It’s now 2017 and we are at the beginning of an exciting new story! Some of us are happy that 2017 is here, and some of us even wish that 2016 never happened! Whichever way we look at it, 2017 represents a new start for us. Many of us spend our holidays thinking about it. A clean slate where we can set new goals for ourselves and look forward to all that we wish to accomplish this year. So what exactly happens when we get into the thick of a new workout plan and then all the sudden, it’s the holiday season and we can’t even remember the goals we set for ourselves the previous year?

There are a few reasons why in the first two weeks of committing to the new life we wish to create, we tend to take a step back to where we started, or several steps back for some of us. In an article published by PyschologyToday,com, Dr. Avya Sharma of the Canadian Obesity Network states that we often set unrealistic goals and expectations for ourselves. This seems to be the number one reason why we don’t live up to those grand aspirations that we have at the beginning of the year. This seems like a simple idea, but when we explore what an unrealistic goal really is, we quickly see the numerous ways in which the goals we set for ourselves fall into this category.

For example, a cold turkey approach is the type where we focus on erasing a bad habit or trait completely. We try to erase something from our diet or life overnight. On the other hand, a full blast approach would be the opposite, where we set a goal of working out everyday or doing something to an extreme amount. We try to create instant perfection. However, perfect and human don’t usually go hand in hand and once we find out that we aren’t perfect, we start to invite imperfections in willingly, since they’re gonna be there anyway.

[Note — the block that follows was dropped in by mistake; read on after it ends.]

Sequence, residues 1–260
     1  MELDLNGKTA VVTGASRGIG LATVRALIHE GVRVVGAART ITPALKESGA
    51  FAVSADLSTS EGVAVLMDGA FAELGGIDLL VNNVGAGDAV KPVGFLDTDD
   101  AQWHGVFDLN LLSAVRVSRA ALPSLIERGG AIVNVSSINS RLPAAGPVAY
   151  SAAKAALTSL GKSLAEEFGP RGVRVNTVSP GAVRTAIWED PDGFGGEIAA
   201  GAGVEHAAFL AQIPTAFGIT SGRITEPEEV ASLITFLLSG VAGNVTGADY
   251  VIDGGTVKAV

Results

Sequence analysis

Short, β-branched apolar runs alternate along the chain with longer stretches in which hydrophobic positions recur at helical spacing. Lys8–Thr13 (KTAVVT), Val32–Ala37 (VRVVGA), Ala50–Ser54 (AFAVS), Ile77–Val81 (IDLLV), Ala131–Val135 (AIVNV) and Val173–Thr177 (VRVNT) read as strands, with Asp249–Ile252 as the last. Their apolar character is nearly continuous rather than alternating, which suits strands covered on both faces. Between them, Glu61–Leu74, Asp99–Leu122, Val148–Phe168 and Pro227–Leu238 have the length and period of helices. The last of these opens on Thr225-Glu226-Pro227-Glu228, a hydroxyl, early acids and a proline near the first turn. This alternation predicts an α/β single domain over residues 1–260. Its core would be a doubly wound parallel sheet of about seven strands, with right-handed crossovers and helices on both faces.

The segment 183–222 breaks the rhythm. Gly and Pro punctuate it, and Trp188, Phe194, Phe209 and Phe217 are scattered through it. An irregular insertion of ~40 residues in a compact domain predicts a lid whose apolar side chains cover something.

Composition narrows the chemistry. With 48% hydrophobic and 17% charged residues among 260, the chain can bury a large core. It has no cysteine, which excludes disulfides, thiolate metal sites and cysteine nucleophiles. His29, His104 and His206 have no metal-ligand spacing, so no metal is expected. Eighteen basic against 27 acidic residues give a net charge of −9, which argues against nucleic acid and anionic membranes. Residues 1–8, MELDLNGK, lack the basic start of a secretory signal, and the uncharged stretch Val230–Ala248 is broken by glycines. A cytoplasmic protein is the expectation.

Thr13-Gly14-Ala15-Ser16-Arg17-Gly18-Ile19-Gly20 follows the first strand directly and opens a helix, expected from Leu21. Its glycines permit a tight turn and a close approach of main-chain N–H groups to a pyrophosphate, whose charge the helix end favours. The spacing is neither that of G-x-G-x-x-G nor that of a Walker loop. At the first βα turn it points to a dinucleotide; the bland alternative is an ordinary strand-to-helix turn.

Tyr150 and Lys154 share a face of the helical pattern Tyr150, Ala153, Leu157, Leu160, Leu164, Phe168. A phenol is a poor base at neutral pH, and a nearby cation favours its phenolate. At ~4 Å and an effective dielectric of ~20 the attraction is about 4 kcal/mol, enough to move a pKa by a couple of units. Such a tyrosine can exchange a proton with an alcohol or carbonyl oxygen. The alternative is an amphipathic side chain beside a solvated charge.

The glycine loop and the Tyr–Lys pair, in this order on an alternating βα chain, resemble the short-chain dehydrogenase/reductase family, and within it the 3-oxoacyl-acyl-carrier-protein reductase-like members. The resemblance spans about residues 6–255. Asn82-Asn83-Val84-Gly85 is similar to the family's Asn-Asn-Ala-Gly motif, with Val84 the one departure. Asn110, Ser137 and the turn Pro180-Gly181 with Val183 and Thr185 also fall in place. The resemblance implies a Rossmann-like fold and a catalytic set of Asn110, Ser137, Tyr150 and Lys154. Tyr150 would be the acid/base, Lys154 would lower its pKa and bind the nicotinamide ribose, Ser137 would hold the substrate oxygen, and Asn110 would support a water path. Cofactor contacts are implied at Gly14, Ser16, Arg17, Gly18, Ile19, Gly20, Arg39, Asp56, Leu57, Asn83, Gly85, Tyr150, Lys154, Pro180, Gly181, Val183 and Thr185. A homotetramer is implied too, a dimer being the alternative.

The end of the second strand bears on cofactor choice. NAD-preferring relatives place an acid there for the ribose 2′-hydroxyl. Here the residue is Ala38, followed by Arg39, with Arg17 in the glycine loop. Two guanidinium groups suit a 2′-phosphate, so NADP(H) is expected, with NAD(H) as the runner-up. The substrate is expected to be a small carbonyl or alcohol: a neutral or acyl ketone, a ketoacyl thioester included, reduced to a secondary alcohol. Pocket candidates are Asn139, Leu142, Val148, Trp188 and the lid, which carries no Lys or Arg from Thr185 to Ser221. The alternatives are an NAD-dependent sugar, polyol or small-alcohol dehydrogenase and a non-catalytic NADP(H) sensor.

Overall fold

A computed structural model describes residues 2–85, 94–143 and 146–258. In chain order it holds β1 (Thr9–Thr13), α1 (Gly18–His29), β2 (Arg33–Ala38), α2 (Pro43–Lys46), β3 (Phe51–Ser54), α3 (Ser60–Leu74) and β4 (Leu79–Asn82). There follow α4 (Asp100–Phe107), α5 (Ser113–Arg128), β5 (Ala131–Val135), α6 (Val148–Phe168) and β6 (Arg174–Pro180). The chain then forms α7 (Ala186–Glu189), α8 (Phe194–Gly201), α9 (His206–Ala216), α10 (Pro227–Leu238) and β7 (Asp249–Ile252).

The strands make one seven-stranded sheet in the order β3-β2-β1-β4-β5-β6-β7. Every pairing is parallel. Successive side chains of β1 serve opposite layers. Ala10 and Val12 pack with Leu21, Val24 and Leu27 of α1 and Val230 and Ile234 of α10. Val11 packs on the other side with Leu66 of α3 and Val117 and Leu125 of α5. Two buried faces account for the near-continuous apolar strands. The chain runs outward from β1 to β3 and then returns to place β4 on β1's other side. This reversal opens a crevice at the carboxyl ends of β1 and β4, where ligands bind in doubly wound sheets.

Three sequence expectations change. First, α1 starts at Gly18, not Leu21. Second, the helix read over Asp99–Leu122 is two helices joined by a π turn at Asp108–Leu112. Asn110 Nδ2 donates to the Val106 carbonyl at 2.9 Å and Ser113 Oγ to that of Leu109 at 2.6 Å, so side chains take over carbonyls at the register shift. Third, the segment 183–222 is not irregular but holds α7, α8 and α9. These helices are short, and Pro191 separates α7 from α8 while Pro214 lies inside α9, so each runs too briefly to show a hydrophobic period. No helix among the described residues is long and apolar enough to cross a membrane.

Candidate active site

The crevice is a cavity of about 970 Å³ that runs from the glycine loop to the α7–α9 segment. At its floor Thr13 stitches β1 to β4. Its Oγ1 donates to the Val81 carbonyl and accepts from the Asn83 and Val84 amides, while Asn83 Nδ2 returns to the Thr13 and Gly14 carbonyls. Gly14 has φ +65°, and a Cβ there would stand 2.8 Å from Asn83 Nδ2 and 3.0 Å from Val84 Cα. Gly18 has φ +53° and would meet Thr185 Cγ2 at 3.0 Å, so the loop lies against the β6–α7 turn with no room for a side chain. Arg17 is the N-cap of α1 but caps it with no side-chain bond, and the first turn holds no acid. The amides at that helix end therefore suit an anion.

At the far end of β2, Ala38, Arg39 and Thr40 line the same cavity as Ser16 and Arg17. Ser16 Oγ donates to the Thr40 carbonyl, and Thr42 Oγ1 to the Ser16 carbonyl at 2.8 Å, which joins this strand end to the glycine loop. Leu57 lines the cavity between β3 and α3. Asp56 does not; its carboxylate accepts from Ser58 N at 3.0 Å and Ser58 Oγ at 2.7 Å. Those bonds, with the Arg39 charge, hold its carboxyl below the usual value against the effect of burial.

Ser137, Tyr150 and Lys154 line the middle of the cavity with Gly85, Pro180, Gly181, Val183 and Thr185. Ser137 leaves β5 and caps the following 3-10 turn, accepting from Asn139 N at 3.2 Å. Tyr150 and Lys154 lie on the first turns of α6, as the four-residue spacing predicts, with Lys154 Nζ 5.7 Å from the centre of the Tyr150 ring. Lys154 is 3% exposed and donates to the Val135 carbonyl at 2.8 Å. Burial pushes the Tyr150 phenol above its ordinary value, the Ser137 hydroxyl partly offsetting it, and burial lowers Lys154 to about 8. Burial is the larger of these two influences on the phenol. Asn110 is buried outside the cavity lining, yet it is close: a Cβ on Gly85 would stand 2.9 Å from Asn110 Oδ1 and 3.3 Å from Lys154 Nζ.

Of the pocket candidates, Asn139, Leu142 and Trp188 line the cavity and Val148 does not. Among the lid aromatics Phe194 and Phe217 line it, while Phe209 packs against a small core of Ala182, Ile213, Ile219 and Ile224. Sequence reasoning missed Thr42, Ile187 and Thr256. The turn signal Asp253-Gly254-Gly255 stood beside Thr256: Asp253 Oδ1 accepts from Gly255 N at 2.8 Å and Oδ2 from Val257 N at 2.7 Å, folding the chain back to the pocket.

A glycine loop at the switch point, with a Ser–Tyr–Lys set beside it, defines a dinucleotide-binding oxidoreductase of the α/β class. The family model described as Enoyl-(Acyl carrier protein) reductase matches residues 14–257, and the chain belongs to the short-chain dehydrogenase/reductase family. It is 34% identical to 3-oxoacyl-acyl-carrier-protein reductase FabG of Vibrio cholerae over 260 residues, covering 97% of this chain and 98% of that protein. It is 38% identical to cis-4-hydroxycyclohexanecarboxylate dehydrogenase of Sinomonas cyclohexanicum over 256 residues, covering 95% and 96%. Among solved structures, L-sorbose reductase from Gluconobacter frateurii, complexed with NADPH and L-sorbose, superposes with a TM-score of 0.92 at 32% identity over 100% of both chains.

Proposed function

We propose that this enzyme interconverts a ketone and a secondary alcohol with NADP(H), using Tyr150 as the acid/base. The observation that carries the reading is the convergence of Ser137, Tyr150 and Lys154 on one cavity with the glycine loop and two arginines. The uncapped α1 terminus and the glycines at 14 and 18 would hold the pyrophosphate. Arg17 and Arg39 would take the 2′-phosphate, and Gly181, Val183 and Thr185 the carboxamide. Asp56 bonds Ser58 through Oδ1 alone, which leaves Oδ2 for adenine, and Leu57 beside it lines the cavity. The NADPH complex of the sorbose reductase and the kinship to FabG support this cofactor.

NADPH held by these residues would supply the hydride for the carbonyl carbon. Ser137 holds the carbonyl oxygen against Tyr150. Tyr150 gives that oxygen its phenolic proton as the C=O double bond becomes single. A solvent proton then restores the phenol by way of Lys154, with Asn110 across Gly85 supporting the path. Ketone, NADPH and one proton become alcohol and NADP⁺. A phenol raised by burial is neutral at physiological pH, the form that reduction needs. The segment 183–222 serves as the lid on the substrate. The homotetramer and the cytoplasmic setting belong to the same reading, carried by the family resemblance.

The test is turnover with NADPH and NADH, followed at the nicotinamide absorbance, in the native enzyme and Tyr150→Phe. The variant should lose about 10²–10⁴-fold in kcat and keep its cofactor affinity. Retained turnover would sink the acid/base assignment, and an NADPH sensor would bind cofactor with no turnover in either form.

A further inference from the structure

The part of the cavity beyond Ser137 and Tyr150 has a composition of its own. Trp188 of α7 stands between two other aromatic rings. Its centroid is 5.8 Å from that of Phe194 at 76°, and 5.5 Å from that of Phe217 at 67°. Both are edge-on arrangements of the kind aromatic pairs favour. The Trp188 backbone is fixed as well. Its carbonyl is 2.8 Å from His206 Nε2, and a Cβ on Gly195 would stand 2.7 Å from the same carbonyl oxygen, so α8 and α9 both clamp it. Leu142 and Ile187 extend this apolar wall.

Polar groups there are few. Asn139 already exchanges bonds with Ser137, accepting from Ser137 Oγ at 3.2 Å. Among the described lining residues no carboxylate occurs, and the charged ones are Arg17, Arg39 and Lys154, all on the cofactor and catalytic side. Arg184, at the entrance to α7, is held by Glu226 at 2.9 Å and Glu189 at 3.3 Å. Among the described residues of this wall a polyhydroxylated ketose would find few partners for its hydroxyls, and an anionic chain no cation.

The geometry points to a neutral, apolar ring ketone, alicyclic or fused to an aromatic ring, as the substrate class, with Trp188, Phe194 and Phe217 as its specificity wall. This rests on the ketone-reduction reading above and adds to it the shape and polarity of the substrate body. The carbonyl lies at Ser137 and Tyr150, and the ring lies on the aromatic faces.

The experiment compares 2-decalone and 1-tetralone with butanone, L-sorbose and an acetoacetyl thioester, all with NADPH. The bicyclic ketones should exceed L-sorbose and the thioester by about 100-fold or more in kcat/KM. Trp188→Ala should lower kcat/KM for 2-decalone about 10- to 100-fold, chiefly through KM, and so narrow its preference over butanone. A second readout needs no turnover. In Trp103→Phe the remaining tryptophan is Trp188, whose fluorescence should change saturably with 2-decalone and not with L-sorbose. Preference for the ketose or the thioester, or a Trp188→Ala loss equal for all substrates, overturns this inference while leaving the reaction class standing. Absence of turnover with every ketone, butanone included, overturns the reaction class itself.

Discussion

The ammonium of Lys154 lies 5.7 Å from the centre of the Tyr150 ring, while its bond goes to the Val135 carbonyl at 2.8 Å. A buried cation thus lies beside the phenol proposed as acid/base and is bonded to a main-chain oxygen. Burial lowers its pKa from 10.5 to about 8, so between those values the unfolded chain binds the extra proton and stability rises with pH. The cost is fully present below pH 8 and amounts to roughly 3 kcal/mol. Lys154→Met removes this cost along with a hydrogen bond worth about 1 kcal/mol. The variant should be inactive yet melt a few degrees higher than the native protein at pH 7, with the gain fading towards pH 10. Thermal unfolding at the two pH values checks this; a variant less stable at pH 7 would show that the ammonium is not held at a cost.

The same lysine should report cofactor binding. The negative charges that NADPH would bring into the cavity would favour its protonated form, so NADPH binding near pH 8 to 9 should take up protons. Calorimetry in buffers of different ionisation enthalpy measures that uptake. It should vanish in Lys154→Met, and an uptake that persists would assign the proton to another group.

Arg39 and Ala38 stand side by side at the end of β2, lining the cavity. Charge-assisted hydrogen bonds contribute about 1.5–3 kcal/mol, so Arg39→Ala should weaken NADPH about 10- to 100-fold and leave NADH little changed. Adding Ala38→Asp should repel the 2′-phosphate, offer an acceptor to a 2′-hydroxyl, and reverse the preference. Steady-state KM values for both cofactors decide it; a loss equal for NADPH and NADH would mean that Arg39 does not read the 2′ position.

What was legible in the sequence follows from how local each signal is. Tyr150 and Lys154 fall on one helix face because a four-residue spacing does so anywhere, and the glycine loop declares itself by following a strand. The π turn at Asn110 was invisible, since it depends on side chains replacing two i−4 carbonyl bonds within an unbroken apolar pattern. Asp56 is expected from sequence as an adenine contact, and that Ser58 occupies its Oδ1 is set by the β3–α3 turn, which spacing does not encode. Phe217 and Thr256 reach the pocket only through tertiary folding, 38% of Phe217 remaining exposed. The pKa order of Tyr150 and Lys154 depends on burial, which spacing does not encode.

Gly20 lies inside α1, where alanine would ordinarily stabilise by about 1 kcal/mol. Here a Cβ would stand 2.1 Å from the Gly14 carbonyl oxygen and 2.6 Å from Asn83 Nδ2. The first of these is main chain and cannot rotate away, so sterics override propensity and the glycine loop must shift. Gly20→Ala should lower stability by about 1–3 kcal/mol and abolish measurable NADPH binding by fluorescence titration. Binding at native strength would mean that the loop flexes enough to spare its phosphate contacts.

Another thing we do is create a lofty goal, trying to lose 50 pounds in two months. While the lucky ones might meet this type of goal – typically in some extreme and sometimes traumatic ways – this type of goal is usually physically unhealthy along with being mentally and emotionally taxing. In the short term we see great results, but in the long term, was the process we took there a recipe to long term success?

The real culprit in this scenario is the grand expectation that we set for ourselves. Without creating an actual process that will bring us closer to the change that we are looking for, instead we create an expectation. We then look to our expectation as the primary motivating factor and in the meantime, we gloss over the small victories we achieve on the way to that goal. This is the number one characteristic of a New Year’s resolution destined for failure. To avoid this pothole, here are some helpful questions to ask ourselves when creating our resolution.

1) Are our goals simple, attainable and measurable?

2) Is it better to focus on lofty goals, or is it better to focus on a set of simple actions that will not only help us achieve realistic goals, but also provide a process that we can apply to other areas of our lives?

3) Now that I’ve written my goal down, how can I visualize or imagine the path to that goal? What do I see, smell, hear, feel?

Once you’ve written down the answers to these questions, you are WAY closer to creating a process oriented approach. Creating a realistic approach to your goal – not a result oriented approach, but process oriented – will ultimately change the way we cope with stress, the little small failures and victories on the way. The way that we approach and think about this process, provides a skill there that can be nurtured and then applied to other parts of life. It’s the journey, not the destination. Trust the process.

Recent Posts

Leave a Comment